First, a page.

Spring and All: The Mirror Phase and a Modernist Imagination

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This excerpt is from an essay by Associate Professor Blake Leland, Ivan Allen College School of Literature, Media, and Communication at Georgia Tech and was originally published in Philologie im Netz 76/2016 (100 - 111), Die Freie Universität.  

Spring and All: The Mirror Phase and a Modernist Imagination

This essay applies a psychoanalytic framework to William Carlos Williams’ critical mid-life attempt, in Spring and All, to express to himself and for himself his own urgent notion of poetic Imagination. The essay proposes that the qualities Williams attributes to genuine manifestations of the poetic Imagination have their psychical foundations in the mirror phase of primary narcissism. Poem “XXII,” also known as “The Red Wheelbarrow,” is presented as the exemplary case.

In 1923 William Carlos Williams made Spring and All, an urgent, often turgid, volume in which that good New Jersey obstetrician, struggling to accomplish his own rebirth, found a way of doing poetry that would free him and his work from what seemed to him the mechanical repetitions of a played-out tradition. As a record of Williams’ impulse to “make it new,” Spring and All is simply one of many Modernist manifestos announcing a salutary demolition, with renaissance to follow. Unlike so many of the others, Williams does not announce an “-ism.” Spring and All must be partly a response to events in a public world, but its often confused and broken prose does not make for convincing polemic. It does, however, indicate a sense of profound crisis, a genuine urgency.

It is generally agreed that that crisis was precipitated by his encounter with the work of his friend Marianne Moore and the publication and reception of T.S.Eliot’s The Waste Land. While Williams was publishing poems like “Tract,” energetic plagiary (to use his term) in the tradition of Whitman, Moore was publishing unique artifacts like “The Monkeys,” and “Those Various Scalpels.” By his own admission Williams found Moore’s work puzzling, but felt too that she was “of all American writers most constantly a poet” because “her work is invariably from the source from which poetry starts” (Williams 1971: 145).

That source is a kind of intention, a willful “‘something’” that Williams recognizes but doesn’t quite name (Williams 1971: 144). He knows what to call The Waste Land, however. It is “‘literature’” (Williams 1971: 169), and it is opposed to the imagination, the one force that can “refine…clarify…intensify that eternal moment in which we alone live” ( Williams 1971: 89).) Literature does not see spring as “THE BEGINNING” in which “THE WORLD IS NEW” (Williams 1971: 94-95); it sees only a kind of plagiary: “April is the cruelest month…” It sees tradition absorbing the individual talent.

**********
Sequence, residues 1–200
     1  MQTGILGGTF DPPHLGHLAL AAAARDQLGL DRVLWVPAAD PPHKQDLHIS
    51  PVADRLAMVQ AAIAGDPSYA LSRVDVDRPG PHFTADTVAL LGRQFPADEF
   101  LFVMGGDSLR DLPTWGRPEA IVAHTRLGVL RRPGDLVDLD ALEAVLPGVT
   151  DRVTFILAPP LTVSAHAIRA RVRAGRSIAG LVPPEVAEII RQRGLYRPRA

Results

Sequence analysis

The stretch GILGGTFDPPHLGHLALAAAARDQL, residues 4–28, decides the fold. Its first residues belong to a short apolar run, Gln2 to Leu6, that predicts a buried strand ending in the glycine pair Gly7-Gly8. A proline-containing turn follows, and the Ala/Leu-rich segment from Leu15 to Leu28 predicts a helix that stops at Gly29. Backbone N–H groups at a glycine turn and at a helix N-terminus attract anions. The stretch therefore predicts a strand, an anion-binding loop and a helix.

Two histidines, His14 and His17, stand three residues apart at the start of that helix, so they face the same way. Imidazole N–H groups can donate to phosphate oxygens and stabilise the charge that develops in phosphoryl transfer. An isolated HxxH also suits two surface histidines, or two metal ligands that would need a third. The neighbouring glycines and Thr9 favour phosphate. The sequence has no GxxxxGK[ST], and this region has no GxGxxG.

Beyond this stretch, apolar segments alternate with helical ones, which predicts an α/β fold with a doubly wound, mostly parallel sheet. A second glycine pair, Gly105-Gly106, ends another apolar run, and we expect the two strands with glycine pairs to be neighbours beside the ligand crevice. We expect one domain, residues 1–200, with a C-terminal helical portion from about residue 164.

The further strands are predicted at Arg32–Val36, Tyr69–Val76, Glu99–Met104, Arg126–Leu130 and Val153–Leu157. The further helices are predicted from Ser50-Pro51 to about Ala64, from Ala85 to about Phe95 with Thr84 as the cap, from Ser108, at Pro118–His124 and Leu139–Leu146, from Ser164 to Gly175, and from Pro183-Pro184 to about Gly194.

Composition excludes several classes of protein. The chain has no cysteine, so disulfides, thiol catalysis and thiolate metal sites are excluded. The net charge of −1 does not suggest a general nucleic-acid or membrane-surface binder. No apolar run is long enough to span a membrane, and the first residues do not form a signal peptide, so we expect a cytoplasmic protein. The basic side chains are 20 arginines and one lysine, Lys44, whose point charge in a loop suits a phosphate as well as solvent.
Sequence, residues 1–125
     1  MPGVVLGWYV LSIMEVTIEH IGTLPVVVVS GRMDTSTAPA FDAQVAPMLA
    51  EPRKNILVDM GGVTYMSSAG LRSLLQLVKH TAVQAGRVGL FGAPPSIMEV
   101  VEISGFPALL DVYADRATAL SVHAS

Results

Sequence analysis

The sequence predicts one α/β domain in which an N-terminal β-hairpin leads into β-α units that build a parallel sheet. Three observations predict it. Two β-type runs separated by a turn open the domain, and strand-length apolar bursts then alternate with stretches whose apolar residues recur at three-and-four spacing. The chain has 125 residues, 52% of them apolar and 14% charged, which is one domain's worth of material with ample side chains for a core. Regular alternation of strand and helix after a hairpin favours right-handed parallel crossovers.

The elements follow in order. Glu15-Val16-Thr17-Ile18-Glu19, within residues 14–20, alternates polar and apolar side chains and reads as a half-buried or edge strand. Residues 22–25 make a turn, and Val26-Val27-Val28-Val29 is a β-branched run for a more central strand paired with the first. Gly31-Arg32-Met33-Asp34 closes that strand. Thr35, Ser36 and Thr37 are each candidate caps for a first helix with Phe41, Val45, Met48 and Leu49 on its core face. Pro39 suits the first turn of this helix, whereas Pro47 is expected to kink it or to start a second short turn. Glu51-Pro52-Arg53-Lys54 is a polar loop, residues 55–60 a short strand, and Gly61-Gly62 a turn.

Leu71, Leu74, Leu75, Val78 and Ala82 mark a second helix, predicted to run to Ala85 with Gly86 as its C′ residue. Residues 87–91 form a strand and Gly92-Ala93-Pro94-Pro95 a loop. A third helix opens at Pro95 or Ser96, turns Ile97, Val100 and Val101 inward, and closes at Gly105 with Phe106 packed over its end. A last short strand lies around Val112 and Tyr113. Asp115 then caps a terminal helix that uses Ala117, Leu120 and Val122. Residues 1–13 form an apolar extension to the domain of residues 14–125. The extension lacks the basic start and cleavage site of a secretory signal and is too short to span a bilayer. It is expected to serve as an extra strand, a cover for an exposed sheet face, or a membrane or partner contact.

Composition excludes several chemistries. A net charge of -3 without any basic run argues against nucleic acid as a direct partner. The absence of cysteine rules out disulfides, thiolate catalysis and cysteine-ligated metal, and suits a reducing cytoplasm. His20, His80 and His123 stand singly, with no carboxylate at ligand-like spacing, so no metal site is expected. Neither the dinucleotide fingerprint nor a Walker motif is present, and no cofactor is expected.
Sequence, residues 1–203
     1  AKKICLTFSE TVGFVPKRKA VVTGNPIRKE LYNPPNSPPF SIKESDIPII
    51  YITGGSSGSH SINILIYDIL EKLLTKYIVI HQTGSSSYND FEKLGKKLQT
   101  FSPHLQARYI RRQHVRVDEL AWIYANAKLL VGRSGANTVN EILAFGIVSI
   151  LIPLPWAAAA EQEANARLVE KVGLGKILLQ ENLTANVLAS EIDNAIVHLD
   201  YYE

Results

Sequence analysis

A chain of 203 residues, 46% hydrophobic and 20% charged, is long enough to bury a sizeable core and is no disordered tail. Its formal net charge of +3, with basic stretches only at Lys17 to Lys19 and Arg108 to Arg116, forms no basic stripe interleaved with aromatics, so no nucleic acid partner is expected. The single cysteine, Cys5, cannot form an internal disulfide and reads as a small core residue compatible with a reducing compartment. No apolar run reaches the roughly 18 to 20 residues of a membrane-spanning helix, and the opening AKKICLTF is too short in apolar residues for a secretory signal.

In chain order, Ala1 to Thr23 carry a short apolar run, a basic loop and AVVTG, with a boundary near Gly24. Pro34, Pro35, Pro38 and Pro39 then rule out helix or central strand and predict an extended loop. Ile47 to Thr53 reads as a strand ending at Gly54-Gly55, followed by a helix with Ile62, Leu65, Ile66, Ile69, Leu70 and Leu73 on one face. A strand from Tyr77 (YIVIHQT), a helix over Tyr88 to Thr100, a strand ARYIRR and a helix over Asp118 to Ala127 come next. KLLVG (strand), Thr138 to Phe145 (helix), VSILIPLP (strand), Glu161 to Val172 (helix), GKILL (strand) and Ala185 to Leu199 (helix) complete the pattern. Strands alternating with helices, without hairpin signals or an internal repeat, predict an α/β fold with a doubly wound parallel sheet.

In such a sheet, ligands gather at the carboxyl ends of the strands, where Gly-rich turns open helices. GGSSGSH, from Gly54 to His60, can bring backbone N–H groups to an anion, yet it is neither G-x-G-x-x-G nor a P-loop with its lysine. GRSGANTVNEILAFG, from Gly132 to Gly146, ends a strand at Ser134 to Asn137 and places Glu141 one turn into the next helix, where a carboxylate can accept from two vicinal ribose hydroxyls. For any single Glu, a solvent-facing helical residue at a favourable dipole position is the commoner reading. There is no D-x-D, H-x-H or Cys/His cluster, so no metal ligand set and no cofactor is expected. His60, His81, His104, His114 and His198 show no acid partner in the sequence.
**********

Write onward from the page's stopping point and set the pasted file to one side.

I polled my colleagues, asking what was their favorite poem of spring, or what was the first bit of poetry that they associated with spring. E.E. Cummings was popular. Williams was mentioned, and Dylan Thomas, Rilke, Housman. I thought it odd at first that some of the poems from earlier in the English anthology were missing. No one nominated “The Cuckoo Song” or the first verse of “Alison,” and only one person mentioned the beginning of The Canterbury Tales. But perhaps it wasn’t so odd. For us the most recent poetic springtime was in fact the blossoming of Modernism, and even when the subject of the poem isn’t spring itself the work of those poets seems somehow akin to spring. Still, the line that was cited most often in my little poll was the one spoken by the nameless corpse, reluctant to be reborn, at the beginning of The Waste Land. Williams was right to be anxious about Eliot’s influence.

The question I put to my colleagues I put to myself as well. The sequence of my associations went like this: poems of spring, Spring and All, then “…reddish / purplish, forked, upstanding, twiggy / stuff of bushes and small trees…”, then, vividly, poem number “XXII” (also called “The Red Wheelbarrow”):

so much depends

a red wheel

glazed with rain

beside the white

(Williams 1971: 138)

No blossoms, no singing birds, no slim young trees, but it seems nevertheless an essential poem of spring. More than eighty years after it was first written, and more than thirty-five years since I first read it, it is, like spring, still startling, uncanny, beautiful. For me what is especially striking about this poem is the nearly hallucinatory visual impression it evokes; I don’t mean the arrangement of letters or words on the space of the page (although surely that contributes to its effect), but a vision of the scene. It hasn’t always done so. I vaguely recall being baffled by it the first few times I read it. I wanted to know what depended upon that wheelbarrow; I thought that must be the point of the poem. I found, however, that I was unable to produce a convincing answer to that question; it seemed to me that everything or not much at all depended on the red wheelbarrow. So I focused on its redness, the whiteness of the chickens, the glazing water, all those strong appeals to vision. This enabled me to disentangle the poem from my desire to make some sort of discursive sense of it, and once I had given up on the idea of being able to say what it meant, it became a vivid luminous presence in my imagination.

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